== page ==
Labour needs to die, its done it part and is outdated same as the Tory scum.
     
  5. Mercenary Keyboard Warrior

    Sgarrista

    Joined: Aug 4, 2007

    Posts: 8,225

    Location: Wilds of suffolk

    Huh? The poll tax was completely ignorant of how many were in any house. The poll tax was shared equally amongst all those able to pay in an area.

    Spare cash was exactly my point. Single pensioner living in a great big old house could pay many many times under council tax what a family with 4 working adults in another would pay.
    The current system also has no link to ability to pay either.

    No taxation is fair by default, this is quite key. The fairness is an arbitrary individual assessment.
    The point of the poll tax did take the house out of the equation, and basically everyone did pay an equal amount, did you actually ever pay it? It seems your understanding is very poor on what was actually impletmented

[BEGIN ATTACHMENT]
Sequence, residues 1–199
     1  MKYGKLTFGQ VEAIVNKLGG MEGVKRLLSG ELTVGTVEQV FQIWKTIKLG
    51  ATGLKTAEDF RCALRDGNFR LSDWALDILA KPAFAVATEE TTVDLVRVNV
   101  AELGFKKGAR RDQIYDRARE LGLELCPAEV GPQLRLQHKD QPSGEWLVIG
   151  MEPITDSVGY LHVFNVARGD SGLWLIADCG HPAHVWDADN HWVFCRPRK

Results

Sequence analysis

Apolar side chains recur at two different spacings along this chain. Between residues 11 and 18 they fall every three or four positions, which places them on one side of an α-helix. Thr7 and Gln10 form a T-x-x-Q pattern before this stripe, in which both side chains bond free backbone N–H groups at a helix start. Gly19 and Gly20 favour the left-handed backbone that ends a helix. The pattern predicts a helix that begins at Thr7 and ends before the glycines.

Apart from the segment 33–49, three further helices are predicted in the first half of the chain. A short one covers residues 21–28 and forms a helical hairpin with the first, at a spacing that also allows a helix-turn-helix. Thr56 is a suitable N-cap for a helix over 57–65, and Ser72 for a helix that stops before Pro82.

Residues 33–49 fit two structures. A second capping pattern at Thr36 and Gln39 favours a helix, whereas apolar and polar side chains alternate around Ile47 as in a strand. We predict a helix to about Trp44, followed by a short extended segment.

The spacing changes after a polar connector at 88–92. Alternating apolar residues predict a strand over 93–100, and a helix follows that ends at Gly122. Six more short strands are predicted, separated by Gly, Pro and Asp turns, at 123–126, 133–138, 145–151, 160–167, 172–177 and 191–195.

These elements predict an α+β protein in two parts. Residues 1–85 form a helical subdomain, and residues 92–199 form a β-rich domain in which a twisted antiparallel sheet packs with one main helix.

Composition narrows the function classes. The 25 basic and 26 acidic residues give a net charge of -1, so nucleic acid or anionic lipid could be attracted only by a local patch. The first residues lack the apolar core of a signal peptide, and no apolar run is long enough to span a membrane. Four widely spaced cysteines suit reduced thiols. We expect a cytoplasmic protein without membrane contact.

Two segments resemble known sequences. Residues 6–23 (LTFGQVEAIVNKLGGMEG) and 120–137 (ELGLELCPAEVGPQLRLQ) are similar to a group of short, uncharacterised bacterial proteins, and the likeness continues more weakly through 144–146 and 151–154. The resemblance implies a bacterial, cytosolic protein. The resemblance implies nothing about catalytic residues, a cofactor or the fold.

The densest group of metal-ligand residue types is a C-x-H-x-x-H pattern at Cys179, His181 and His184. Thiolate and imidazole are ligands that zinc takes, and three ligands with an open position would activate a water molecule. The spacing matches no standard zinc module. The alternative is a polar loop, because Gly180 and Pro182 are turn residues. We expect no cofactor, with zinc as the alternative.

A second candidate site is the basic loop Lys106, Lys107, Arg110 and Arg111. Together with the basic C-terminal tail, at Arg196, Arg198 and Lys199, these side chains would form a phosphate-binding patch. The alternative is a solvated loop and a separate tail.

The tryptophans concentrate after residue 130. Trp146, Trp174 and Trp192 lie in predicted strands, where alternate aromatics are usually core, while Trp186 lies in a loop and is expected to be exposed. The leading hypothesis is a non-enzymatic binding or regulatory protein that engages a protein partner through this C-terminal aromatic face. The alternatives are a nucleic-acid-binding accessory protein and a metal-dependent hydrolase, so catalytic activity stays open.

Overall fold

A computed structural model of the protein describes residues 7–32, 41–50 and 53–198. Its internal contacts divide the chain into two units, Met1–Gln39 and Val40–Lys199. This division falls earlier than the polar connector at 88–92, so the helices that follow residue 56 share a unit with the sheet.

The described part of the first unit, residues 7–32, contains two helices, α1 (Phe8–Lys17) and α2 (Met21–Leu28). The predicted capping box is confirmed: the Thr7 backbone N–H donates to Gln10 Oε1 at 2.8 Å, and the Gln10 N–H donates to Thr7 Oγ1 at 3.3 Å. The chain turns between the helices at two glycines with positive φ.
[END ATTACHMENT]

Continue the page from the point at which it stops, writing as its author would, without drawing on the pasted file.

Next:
6. SPG

    Soldato

    Joined: Jul 28, 2010

    Posts: 5,224

    It was implemented as Tory ideology it hit the poor hardest.....

    While not paper it did not reflect housing, in practice the well off couple with 1 kid was minted due them paying less overall, while the poor family who shared the rates in one house suddenly was massively out of pocket.

    If it was a fair system do you think the riots and downfall of Thatcher would have happend.

    Tory policy against the less well off. BUSINESS AS USUAL.

    My understand is fine, I refused to pay it and ended up with all the letters/threats etc.
     
  7. Nasher

    Capodecina

    Joined: Nov 22, 2006

    Posts: 11,852

    There isn't enough of a discount for single living tbh. 2 people have to pay X amount but 1 person only gets 3% off :/
     
  8. Freakbro

    Capodecina

    Joined: Jul 29, 2010

    Posts: 14,466

    Location: Lincs

    ?

    Single person discount is 25%
     
  9. Mercenary Keyboard Warrior

    Sgarrista

    Joined: Aug 4, 2007

    Posts: 8,225

    Location: Wilds of suffolk

    It can be varied by local councils